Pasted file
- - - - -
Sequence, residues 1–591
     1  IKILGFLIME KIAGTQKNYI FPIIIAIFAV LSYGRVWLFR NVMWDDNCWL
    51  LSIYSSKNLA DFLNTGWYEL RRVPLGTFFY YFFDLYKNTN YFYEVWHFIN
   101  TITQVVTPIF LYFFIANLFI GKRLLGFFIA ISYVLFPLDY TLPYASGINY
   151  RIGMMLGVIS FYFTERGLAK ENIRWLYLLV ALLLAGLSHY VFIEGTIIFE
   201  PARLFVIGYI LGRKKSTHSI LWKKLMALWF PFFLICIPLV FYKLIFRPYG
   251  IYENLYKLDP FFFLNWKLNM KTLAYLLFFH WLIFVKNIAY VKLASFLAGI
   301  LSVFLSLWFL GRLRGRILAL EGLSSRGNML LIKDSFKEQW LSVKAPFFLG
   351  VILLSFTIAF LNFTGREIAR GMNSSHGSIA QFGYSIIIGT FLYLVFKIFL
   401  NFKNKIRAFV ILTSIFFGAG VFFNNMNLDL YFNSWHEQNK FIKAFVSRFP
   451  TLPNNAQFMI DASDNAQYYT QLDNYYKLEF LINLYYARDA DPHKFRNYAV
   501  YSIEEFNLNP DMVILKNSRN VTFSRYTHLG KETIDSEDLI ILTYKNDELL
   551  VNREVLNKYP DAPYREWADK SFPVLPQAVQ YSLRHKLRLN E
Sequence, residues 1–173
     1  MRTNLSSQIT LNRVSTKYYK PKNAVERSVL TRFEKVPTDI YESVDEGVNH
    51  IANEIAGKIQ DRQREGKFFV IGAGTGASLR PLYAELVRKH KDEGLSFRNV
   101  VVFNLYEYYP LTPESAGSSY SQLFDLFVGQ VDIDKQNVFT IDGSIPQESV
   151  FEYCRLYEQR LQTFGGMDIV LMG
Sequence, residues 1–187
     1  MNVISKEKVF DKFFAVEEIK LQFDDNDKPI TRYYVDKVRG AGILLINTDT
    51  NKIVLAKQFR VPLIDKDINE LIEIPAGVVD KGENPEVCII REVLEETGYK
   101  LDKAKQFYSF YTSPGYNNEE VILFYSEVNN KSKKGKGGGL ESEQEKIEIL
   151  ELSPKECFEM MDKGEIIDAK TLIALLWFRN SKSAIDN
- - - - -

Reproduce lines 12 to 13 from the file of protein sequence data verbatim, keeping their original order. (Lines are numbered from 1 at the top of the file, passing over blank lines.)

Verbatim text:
   501  YSIEEFNLNP DMVILKNSRN VTFSRYTHLG KETIDSEDLI ILTYKNDELL
   551  VNREVLNKYP DAPYREWADK SFPVLPQAVQ YSLRHKLRLN E